Meet the Sexual Assault Survivor Who Rewrote Her Experience in a Powerful Photo Series

Two months into her freshman year at Wesleyan University, Karmenife Paulino was raped in the basement of a fraternity.

Paulino, who ran away from what she called an “abusive household” just before her 18th birthday, thought she had found refuge at Wesleyan, a home base where she could grow and thrive over the next four years. Instead, she found herself crying in class, avoiding her rapist, poring over the university’s sexual misconduct policies, filing reports and attending hearings until, finally in her junior year, the man was expelled.

Her story doesn’t end there. Paulino, now 22, recently transformed her long, painful experience into “Reclamation,” a series of photographs shot in and around fraternities on Wesleyan’s campus, including the very house where she was assaulted.

The series’ BDSM imagery is an overt reference to Paulino’s “reclamation” of power over her attacker. But it’s more than just that.

“There’s something really powerful and beautiful about dominatrixes and just to be in front of these frat houses and to have these models kissing my feet and worshiping me — there’s an element of humor to it,” Paulino told Mic.

She poses with men sporting collars, ball gags and tank tops reading “FRAT FILTH.” Holding their leashes is Paulino, clad in chains, a fishnet bodystocking and a harness.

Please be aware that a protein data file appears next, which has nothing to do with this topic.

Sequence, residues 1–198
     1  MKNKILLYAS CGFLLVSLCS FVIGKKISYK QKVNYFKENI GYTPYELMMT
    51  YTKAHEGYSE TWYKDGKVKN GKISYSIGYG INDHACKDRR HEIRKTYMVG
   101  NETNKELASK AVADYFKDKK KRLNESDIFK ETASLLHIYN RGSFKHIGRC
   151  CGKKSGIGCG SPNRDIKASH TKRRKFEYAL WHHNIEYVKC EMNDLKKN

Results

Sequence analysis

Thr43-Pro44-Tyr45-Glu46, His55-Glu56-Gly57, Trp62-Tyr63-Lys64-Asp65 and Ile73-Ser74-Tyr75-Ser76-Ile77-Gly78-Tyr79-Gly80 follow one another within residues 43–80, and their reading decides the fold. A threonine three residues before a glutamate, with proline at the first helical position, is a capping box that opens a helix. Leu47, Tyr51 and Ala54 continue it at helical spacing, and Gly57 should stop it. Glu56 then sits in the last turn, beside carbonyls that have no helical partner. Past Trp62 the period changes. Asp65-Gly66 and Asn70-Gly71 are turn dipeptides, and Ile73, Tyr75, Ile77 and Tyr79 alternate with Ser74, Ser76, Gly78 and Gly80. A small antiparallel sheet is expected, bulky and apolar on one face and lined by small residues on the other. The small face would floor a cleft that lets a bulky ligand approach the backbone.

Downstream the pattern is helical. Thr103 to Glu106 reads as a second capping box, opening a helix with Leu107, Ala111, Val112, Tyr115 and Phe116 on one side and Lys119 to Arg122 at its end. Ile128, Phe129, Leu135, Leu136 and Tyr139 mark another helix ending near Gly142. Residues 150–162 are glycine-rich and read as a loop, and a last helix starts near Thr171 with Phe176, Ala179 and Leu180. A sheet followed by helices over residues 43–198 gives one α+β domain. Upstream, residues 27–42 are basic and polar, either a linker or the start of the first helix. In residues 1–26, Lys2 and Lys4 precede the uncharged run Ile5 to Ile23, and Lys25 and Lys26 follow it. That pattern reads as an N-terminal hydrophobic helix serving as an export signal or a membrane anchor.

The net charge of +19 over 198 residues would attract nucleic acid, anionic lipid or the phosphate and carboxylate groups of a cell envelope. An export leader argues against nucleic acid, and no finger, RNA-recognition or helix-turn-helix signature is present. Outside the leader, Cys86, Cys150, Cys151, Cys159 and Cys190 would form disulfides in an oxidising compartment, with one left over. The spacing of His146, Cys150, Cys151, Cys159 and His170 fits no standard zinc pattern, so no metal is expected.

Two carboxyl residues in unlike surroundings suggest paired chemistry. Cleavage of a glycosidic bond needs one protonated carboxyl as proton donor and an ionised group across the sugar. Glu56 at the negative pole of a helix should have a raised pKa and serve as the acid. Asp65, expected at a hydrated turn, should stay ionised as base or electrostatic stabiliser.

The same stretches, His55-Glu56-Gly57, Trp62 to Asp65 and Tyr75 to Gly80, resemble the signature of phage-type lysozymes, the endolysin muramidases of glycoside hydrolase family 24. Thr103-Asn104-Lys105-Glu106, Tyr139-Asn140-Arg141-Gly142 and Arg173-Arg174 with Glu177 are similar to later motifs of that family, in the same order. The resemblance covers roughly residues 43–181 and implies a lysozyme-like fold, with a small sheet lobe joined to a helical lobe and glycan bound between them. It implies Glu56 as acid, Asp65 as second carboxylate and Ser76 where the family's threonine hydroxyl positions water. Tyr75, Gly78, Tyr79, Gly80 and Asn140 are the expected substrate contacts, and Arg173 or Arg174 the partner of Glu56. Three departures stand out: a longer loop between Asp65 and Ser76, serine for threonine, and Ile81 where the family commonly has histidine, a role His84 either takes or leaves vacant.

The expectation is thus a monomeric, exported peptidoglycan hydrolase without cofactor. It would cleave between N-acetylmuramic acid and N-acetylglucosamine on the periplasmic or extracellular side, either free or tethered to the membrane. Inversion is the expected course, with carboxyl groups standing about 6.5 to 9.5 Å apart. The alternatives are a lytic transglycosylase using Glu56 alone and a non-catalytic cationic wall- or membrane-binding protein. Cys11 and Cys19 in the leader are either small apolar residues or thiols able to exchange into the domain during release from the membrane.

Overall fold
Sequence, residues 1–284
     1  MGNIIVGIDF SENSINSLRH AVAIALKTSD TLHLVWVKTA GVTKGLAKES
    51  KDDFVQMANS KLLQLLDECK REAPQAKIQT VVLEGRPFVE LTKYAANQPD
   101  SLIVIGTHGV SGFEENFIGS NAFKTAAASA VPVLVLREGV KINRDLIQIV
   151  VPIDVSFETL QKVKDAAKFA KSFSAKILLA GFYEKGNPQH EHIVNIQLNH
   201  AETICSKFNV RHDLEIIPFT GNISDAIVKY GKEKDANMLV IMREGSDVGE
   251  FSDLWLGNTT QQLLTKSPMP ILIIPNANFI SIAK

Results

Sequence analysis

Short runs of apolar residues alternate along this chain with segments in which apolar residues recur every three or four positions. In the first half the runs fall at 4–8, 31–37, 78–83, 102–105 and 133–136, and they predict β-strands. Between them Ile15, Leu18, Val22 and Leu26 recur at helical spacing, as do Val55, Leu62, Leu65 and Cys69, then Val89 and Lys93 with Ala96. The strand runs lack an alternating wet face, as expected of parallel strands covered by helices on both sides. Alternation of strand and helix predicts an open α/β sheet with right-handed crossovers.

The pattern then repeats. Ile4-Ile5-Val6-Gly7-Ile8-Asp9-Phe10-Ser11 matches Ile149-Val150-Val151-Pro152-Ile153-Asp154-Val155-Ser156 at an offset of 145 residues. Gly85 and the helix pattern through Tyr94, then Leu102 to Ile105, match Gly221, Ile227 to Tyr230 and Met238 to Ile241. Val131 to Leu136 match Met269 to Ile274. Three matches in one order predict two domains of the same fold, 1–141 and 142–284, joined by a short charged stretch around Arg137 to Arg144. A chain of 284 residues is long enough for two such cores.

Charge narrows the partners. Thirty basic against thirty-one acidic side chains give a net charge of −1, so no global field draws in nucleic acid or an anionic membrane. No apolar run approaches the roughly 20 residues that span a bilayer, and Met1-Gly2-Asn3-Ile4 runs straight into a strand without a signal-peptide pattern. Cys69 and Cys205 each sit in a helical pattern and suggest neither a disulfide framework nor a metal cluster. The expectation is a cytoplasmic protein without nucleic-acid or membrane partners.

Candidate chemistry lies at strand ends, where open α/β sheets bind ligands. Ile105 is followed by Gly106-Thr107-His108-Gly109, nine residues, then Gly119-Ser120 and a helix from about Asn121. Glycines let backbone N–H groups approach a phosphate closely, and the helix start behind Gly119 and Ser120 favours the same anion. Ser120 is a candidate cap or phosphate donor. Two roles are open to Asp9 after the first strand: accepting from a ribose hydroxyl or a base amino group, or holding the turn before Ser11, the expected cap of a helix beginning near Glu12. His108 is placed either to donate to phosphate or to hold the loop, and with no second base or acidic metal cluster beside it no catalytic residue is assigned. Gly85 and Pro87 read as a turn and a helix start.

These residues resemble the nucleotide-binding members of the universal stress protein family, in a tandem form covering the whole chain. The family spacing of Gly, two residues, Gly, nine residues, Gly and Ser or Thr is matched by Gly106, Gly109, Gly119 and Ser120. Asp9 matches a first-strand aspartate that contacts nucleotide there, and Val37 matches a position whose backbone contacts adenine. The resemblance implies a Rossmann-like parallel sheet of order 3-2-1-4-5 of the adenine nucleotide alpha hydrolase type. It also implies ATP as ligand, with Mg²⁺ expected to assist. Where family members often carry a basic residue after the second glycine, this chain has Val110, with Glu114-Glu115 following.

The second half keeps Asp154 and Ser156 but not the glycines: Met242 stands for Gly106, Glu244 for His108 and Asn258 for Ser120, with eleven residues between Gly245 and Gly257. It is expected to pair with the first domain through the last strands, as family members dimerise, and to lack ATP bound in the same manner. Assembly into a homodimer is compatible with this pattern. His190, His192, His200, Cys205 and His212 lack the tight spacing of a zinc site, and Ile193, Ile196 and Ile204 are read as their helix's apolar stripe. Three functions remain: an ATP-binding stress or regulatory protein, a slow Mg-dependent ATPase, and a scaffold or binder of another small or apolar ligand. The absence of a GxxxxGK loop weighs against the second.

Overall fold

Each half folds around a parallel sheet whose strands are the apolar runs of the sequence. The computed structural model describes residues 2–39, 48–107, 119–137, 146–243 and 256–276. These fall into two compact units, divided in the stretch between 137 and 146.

“I’ve worn that outfit before many times,” Paulino said. “It’s what I feel the most powerful and the most vulnerable in and I wanted to wear it because women who are sexually confident are always demonized in these spaces and in society in general.”

“I’m tired of black respectability politics and people of color’s bodies being viewed as vulgar and ‘too much.’”

She and photographer Tess Altman found models for the project via a Facebook blast, and even though Paulino prepped the models on what to expect, they made sure to talk about safe words and hand signals.

Because it’s communication, she said, that establishes a culture of consent. “Talking changes everything,” Paulino said. “The project would have been horrible if we didn’t have that discussion. It took some extra time, but it wasn’t hard to ask questions about what people were comfortable with.”

Read full article on Mic